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Good morning. The Brexit withdrawal agreement stands on shaky ground, the SEC is looking into Nikola, and China hopes for a vaccine by November. Here’s what’s moving markets.
U.K. Prime Minister Boris Johnson’s plan to renege on part of the Brexit divorce deal passed its first hurdle in Parliament late Monday after a bruising debate in which senior members of his own party denounced the move. The House of Commons passed the Internal Market Bill in its first main vote by a comfortable 77 votes, allowing it to go through to the next stage in the parliamentary process on Tuesday. The prime minister said the proposed legislation, which will rewrite part of the withdrawal agreement, is “essential” to maintain the U.K.’s economic and political integrity. Since Johnson’s decision to revisit the agreement, the European Union has threatened legal action and called on him to withdraw the bill by the end of the month.
The U.S. Securities and Exchange Commission is examining Nikola Corp. to assess the merits of short-seller Hindenburg’s allegations that the electric-truck maker deceived investors about its business prospects, according to people familiar with the matter. Earlier on Monday, Nikola had made a fuller-throated denial of last week’s Hindenburg report, saying the firm is attempting to profit from a “manufactured decline” in the company’s share price. The volatile stock declined in post-market trading after Bloomberg reported about the SEC’s involvement.
Sony Corp. has cut its estimated PlayStation 5 production for this fiscal year by 4 million units, down to around 11 million, following production issues with its custom-designed system-on-chip for the new console, according to people familiar with the matter. Close rival Microsoft Corp. last week revealed aggressive pricing for its two next-generation consoles, the $299 Xbox Series S and $499 Xbox Series X, putting added pressure on Sony. During summer, the Tokyo-based electronics giant had boosted orders for the console’s components, anticipating a demand boost amid the pandemic.
A day after Pfizer Inc.’s chief executive officer said a vaccine would likely be available to the U.S. public before year-end, China’s state-run Global Times tweeted that the country may roll out a shot to “ordinary Chinese” as early as November. Meanwhile, U.K. researchers are studying whether two vaccines from the University of Oxford and Imperial College London can be inhaled, hoping to trigger a more effective immune response.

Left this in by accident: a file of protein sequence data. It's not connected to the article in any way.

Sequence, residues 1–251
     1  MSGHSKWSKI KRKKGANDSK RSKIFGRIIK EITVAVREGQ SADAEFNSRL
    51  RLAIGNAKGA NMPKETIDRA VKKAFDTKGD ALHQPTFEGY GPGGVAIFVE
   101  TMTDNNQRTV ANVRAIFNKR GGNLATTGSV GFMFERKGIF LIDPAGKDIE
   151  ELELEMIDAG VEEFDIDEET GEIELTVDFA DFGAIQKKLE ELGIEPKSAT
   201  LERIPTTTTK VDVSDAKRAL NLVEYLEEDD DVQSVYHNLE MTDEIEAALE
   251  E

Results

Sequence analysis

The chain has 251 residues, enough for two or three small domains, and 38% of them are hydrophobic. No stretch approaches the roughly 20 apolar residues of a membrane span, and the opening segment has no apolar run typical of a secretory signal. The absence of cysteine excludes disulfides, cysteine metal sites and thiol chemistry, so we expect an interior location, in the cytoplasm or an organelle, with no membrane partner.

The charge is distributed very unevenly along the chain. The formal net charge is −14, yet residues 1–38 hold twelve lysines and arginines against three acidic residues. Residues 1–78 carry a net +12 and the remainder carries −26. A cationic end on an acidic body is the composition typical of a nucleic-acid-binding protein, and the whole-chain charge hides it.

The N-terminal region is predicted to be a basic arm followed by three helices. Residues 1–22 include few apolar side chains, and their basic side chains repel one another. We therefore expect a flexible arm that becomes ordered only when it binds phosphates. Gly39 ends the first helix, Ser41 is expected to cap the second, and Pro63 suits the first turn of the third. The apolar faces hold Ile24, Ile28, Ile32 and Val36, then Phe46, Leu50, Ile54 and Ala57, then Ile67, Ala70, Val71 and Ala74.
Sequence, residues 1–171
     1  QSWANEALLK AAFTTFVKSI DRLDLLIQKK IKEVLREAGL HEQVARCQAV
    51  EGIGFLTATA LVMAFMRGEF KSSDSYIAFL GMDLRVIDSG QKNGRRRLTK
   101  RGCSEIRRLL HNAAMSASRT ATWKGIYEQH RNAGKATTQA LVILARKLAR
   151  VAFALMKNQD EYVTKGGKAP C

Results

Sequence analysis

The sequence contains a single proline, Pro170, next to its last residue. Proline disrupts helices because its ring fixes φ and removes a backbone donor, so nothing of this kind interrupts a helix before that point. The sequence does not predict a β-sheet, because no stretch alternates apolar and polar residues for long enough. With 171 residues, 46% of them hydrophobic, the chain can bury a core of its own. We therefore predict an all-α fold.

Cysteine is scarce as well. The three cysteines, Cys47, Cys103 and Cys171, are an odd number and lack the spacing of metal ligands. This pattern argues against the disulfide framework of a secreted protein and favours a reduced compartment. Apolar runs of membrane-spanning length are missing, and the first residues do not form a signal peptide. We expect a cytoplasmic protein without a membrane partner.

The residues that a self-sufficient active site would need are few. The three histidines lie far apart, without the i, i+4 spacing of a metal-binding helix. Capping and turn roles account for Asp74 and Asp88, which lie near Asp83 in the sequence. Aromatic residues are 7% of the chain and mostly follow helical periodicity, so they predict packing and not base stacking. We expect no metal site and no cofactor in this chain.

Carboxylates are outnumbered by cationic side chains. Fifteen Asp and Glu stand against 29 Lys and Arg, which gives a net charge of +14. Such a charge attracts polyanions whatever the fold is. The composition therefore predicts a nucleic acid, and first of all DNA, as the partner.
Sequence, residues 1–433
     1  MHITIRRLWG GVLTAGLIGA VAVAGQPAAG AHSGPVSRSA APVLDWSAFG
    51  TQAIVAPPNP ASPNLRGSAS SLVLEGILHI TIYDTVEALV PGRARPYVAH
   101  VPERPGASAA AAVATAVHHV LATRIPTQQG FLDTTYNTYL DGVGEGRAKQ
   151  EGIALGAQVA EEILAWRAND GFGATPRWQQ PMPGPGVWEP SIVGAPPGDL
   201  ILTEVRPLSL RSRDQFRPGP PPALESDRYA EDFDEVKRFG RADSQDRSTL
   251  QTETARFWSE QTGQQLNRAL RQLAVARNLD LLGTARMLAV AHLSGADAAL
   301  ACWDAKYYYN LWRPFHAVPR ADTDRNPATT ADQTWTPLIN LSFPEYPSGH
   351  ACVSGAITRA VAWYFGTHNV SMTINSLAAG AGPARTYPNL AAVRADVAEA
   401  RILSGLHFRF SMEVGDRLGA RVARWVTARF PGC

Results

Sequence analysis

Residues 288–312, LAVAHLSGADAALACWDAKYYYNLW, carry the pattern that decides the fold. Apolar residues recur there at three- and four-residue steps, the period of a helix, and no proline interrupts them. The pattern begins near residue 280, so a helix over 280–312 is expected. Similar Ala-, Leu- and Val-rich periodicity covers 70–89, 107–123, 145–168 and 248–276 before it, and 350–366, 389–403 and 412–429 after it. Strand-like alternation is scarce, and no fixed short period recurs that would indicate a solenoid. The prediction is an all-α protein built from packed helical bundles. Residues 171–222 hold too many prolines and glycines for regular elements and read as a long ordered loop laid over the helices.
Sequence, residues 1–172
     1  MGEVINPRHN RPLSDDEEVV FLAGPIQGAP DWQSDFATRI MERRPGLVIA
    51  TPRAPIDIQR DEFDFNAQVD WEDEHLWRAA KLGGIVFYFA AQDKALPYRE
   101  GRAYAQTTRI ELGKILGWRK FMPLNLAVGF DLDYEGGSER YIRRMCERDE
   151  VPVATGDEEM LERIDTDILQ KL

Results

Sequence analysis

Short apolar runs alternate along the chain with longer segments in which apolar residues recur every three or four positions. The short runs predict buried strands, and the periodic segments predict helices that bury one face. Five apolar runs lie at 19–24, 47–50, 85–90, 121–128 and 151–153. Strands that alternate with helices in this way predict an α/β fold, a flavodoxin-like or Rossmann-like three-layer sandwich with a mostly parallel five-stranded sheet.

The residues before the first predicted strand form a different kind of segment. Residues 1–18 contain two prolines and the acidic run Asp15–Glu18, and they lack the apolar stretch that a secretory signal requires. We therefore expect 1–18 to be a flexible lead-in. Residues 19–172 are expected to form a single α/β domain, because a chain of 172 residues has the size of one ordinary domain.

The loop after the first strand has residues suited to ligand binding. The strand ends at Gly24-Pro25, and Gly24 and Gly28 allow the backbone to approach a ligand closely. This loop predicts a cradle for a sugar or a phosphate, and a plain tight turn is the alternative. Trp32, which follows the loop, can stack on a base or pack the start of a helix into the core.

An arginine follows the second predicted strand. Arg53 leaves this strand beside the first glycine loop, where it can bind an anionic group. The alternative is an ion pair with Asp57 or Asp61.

European stock futures are pointing to a negative open. Coming up, grocery delivery platform Ocado Group Plc and fast fashion giant Hennes & Mauritz AB are both set to report quarterly sales updates, with the former’s stock a lockdown superstar and the latter’s store network battered by the virus. Later this morning, the global insurance industry will be keenly watching a London court ruling on whether businesses are owed coverage for certain losses resulting from Covid-19. French bank Rothschild & Co. and Italian luxury group Salvatore Ferragamo SpA are expected to release first-half results after the European close. Later still, Apple Inc. is set to hold its first major product launch event of 2020, unveiling a new Apple Watch and an updated iPad Air.
What We’ve Been Reading
This is what’s caught our eye over the past 24 hours.
And finally, here’s what Cormac Mullen is interested in this morning
There was nothing healthy about the recent tech correction. Hopes that the more than 10% slide in the Nasdaq 100 will take some of the “froth” out of the market need to be shelved. Not only has bullish activity ramped up again in the options market, leveraged bets are soaring in the exchange-traded fund space. As my colleague Claire Ballentine reported, a triple-leveraged ETF that tracks the Nasdaq just notched its best streak of inflows on record — throughout the selloff. The $7.8 billion ProShares UltraPro QQQ fund attracted more than $1.5 billion in the eight days through Friday, the most for such a span since it began trading in 2010, according to data compiled by Bloomberg. It has become a popular vehicle for day traders, who pushed volume to a record earlier this month, according to a report from Bloomberg Intelligence. After steadying Monday, the Nasdaq is down almost 7% this month (the TQQQ fund a whopping 21%). But the euphoria remains. To remove the froth, the next correction is going to have to cut deeper, and that’s unlikely to be healthy.
Cormac Mullen is a cross-asset reporter and editor for Bloomberg News in Tokyo.
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